Brady urges suspension of HMO contract process
SPRINGFIELD — In the wake of a damning audit of the state's health insurance procurement system, Sen. Bill Brady, R-Bloomington, is calling for a suspension of the process to select vendors for a new state-administered supplemental HMO package.
Brady, one of 12 members of the Legislative Audit Commission, on Thursday asked Gov. Pat Quinn to suspend the request for proposals "until the Legislative Audit Commission gets to take a closer look at the findings" of state Auditor General William Holland.
Brady also asked the executive director of the audit commission to hold an "emergency hearing" on March 21 to review Holland's findings. The Legislature, which left Springfield on Thursday, is scheduled to return March 21, the day after the primary election.
"After a review of the very disturbing summary and failure of the current administration to comply with the procurement code and provisions of the ethics commission, I am calling for a suspension of the RFP process within this administration until we can take a much closer look at these findings," said Brady, who was the Republican Party's unsuccessful gubernatorial candidate in 2010.
Urbana's Health Alliance Medical Plans had said that it would bid on the new supplemental health insurance contract.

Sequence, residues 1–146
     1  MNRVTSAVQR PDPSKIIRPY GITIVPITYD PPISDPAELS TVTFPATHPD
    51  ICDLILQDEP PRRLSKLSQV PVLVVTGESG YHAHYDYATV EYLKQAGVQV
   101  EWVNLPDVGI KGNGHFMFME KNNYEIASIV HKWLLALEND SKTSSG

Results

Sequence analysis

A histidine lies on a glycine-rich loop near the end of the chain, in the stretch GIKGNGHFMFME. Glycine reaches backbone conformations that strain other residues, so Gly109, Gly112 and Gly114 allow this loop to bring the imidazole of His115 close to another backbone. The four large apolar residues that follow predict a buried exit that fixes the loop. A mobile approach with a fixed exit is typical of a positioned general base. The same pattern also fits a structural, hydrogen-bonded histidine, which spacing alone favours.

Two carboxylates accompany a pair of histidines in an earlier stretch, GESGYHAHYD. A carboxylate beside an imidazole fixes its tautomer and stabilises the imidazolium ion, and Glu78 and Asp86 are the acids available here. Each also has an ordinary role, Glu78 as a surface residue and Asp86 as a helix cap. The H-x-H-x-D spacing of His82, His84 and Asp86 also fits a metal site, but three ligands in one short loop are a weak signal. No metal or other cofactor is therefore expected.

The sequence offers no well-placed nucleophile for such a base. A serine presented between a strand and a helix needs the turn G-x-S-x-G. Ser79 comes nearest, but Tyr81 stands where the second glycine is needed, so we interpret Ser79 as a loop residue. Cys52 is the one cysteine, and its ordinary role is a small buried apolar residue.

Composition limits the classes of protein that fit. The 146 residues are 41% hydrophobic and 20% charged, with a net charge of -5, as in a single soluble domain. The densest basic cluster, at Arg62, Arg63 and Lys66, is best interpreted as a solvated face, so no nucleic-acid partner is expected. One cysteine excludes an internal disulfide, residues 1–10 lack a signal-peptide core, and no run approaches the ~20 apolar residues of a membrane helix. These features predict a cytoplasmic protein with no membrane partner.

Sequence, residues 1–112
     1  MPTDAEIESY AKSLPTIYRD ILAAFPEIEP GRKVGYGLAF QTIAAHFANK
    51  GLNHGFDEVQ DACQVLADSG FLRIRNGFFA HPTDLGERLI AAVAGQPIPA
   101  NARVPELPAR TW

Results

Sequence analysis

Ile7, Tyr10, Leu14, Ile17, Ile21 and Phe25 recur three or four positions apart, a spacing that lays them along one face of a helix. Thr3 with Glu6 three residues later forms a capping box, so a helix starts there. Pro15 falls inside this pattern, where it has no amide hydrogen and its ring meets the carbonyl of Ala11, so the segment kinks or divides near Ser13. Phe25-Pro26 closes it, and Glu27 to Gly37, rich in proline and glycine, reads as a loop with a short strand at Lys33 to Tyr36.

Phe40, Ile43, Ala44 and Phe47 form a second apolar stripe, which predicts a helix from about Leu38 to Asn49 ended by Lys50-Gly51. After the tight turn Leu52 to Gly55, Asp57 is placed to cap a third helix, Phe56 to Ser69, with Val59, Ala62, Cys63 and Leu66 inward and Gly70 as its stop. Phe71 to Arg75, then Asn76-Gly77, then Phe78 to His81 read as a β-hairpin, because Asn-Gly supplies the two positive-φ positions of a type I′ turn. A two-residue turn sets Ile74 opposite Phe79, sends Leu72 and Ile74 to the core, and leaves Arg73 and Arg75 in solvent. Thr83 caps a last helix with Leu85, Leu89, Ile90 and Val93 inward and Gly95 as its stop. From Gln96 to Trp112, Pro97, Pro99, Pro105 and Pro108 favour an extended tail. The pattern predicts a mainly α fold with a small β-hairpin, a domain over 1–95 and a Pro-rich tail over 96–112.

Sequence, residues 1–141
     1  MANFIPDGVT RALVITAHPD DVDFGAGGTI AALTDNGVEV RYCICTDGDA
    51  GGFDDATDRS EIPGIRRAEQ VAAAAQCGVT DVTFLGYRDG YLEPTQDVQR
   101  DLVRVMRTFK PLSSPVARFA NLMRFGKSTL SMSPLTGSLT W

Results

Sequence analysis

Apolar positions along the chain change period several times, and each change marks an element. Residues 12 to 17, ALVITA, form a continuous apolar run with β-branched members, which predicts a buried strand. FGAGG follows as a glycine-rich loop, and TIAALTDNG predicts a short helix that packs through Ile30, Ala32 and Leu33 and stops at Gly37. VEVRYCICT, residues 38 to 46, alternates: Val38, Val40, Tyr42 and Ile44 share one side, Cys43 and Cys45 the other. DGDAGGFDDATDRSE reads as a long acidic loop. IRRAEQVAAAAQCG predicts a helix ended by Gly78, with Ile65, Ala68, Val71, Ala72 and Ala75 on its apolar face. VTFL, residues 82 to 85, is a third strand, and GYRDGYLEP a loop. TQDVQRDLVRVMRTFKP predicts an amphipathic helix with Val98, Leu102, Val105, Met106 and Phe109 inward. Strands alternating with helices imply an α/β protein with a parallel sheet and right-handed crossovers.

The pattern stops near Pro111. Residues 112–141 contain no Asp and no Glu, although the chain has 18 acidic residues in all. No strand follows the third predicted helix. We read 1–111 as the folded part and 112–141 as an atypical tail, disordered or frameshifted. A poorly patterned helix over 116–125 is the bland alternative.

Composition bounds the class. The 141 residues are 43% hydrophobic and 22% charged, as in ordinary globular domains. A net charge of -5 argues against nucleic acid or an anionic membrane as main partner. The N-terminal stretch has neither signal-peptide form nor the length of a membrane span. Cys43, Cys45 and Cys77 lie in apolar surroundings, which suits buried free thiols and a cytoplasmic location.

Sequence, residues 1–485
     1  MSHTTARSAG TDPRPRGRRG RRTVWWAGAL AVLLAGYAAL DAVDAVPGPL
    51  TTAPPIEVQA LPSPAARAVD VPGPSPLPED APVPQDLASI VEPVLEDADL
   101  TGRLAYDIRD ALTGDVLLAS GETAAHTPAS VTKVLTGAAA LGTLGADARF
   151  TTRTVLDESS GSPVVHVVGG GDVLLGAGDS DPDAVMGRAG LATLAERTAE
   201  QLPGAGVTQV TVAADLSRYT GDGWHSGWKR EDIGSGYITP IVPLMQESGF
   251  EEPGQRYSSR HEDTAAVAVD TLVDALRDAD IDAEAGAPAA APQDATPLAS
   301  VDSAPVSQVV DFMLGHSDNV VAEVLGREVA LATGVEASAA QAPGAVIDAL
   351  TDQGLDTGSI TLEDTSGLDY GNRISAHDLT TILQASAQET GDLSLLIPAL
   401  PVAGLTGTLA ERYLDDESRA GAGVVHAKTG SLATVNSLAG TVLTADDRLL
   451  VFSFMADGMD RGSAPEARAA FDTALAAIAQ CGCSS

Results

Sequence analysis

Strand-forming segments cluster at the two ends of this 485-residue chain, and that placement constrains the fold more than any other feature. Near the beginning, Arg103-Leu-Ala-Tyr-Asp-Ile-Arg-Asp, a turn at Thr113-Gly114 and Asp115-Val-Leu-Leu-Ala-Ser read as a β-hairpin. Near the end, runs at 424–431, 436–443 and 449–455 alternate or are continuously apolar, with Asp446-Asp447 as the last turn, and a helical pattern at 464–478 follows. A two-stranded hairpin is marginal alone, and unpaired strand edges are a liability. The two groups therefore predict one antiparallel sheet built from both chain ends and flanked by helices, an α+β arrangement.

Waiting until March 21 should not be a problem, according to a spokesman for the Department of Healthcare and Family Services.
"The department did not intend to post the RFP prior to the March 21st hearing, and we look forward to answering any questions the commission might have on that date," said spokesman Mike Claffey. "The department intends to fulfill its obligations under the settlement agreement (with Health Alliance), and under the settlement, we have until late April to post the RFP."
Brady also said he hopes to work with legislative leaders to sponsor emergency legislation addressing the audit, which was highly critical of the state Department of Healthcare and Family Services and of the executive ethics commission.
In the audit released Wednesday, the auditor general said that the process that awarded $7 billion in state health insurance contracts last year had "serious deficiencies," and "we are unable to conclude whether the state's best interests were achieved" by the procurement process.